Will corn prices for the 2018 crop remain on the low side? If you believe they will, take that into account when deciding how much total nitrogen to apply for corn. That’s how Bob Nielsen, Purdue University Extension corn specialist, responds when farmers ask how much N to apply in 2018.
“Corn prices are likely to still be down in 2018, so you’ll want to look at economic optimum rates when deciding how much nitrogen to apply per acre,” Nielsen says.
Economic optimum nitrogen rate is the amount to apply if you’re after the highest net return per dollar invested in nitrogen. It’s different than the rate you would apply if you’re trying to maximize yield. The two are different because at some point, the next pound of nitrogen applied costs more than the value of extra corn it produces. When corn prices are lower, you reach that point a bit quicker, Nielsen says.
The difference may not be as large as you think, however. For example, if you project corn to be $3.50 per bushel, the estimated optimum economic N rate will be higher than if you project it to be $3 per bushel. However, it may only be 4 to 5 pounds per acre higher.
Closer look at price
Nielsen and Jim Camberato, Purdue University Extension soil fertility specialist, have conducted on-farm trials over the past 12 years and compiled data to compute maximum agronomic and economic nitrogen rates on various soil types.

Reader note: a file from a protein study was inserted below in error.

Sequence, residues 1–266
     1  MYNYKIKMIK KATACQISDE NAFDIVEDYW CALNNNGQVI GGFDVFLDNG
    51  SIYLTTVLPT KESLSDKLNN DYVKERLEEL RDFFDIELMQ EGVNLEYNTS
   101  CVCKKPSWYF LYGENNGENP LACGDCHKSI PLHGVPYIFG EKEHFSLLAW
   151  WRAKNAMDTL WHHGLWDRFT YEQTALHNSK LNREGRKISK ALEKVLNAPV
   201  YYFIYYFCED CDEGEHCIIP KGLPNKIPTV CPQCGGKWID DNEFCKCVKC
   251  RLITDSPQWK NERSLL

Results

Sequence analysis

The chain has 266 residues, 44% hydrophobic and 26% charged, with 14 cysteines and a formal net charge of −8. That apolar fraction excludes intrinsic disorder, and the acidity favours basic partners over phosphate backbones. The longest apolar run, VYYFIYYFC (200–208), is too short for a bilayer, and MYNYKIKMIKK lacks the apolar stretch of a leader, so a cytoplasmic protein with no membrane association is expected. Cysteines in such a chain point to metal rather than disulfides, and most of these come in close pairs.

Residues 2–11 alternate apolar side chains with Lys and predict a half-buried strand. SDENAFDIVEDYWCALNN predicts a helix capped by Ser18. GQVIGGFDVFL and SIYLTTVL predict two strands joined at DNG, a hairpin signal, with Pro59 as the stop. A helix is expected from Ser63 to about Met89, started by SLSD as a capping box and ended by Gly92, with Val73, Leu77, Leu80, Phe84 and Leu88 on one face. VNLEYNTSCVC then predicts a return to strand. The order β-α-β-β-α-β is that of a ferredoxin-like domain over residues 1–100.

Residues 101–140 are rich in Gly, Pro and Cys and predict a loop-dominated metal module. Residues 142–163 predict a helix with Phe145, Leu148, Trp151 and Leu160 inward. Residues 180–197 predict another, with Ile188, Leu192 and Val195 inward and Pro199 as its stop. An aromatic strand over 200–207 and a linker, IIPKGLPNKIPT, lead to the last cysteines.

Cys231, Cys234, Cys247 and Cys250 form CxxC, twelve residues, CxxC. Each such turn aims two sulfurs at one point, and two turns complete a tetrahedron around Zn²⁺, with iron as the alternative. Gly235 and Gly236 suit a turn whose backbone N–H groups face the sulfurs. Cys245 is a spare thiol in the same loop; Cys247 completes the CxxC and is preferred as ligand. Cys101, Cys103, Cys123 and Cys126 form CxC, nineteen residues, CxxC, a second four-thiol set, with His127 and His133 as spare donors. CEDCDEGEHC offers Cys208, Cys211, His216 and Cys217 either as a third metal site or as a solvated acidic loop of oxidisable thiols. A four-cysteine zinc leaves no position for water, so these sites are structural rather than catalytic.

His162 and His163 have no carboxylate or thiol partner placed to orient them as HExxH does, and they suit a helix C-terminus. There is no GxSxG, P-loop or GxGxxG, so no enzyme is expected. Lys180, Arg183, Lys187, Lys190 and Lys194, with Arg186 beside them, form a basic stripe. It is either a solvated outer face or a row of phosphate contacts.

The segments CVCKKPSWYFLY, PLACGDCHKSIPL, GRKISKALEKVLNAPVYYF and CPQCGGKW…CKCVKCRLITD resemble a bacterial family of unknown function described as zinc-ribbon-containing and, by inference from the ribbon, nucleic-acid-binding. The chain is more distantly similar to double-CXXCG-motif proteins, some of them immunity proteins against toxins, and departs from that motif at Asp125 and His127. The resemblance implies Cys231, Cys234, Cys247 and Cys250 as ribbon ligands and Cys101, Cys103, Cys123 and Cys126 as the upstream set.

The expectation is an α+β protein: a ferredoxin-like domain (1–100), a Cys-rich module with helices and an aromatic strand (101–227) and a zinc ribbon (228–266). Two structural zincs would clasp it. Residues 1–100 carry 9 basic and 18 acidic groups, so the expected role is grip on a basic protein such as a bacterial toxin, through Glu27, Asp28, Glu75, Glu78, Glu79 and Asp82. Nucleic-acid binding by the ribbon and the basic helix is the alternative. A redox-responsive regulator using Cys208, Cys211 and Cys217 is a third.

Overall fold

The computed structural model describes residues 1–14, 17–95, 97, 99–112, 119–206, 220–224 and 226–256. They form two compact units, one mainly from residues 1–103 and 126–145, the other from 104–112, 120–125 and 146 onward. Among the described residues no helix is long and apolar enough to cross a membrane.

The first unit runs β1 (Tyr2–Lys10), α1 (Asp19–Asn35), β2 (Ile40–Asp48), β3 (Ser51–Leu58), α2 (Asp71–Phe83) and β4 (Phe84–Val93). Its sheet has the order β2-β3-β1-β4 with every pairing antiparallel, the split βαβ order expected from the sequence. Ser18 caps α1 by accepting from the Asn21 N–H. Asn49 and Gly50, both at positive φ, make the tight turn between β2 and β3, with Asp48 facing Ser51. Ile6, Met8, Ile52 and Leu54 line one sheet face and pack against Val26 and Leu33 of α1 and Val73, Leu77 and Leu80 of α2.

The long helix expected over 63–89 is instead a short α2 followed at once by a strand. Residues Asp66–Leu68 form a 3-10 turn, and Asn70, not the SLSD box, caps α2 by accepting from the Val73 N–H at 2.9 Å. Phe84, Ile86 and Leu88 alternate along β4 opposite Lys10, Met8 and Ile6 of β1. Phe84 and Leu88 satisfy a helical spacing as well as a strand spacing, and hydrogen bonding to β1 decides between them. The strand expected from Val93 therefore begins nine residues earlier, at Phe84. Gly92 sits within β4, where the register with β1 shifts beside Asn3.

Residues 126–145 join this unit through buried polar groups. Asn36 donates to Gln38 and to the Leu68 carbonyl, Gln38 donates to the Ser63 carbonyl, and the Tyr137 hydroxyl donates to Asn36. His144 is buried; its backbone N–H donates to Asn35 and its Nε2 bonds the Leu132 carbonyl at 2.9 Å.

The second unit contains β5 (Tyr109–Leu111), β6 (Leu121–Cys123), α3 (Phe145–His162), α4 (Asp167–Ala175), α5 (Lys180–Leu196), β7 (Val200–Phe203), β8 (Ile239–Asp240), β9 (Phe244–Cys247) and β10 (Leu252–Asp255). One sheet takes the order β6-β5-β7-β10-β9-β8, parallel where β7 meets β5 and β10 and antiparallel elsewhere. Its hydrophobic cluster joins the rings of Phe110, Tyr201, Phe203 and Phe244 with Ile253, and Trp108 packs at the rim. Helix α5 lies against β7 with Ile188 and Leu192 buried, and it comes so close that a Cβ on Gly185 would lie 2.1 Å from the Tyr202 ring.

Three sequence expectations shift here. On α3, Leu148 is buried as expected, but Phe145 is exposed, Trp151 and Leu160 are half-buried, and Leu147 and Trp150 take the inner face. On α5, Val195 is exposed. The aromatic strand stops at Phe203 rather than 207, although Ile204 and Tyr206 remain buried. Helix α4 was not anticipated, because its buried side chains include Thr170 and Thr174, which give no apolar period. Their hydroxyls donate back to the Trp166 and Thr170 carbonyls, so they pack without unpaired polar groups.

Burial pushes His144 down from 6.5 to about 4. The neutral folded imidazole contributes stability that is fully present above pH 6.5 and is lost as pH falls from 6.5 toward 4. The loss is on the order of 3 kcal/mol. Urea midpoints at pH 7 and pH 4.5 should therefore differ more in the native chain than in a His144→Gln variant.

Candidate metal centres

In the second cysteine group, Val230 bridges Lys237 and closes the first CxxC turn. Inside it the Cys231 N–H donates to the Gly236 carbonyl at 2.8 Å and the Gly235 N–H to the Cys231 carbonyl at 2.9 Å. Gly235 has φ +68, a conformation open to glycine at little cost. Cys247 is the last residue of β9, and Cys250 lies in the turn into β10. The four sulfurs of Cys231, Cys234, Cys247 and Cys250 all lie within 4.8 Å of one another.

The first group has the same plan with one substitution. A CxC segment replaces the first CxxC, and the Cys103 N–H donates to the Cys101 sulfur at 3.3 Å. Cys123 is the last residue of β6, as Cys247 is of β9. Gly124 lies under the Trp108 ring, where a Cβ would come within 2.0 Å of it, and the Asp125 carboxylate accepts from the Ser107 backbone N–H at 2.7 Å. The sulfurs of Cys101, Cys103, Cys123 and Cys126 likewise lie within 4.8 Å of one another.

“We’ve discovered that soil types and location make a big difference in optimum rates,” Nielsen says.
When they build a table based on corn price and nitrogen cost per pound of actual N at a certain location within the state, the same trends hold, however. If you believe the corn price will be $3.50, you can afford to apply a little more N than if you are looking at $3 corn. “Little” may be the key word.
Here is an example from the chart above. You farm in central Indiana. Suppose N is 40 cents per pound. At $3.50 per bushel corn, you would shoot to apply 201 pounds of N per acre to reach optimum economic return. That’s based on all trials the pair have conducted in central Indiana.
If corn is $3, you might back off 5 pounds to 196. If it’s $4, you could afford to apply 205 pounds of N.
The numbers aren’t drastically different, but they amount to a couple dollars’ worth of N either way, Nielsen says. He suspects everyone will be watching each dollar in 2018.
Check out charts for other parts of Indiana.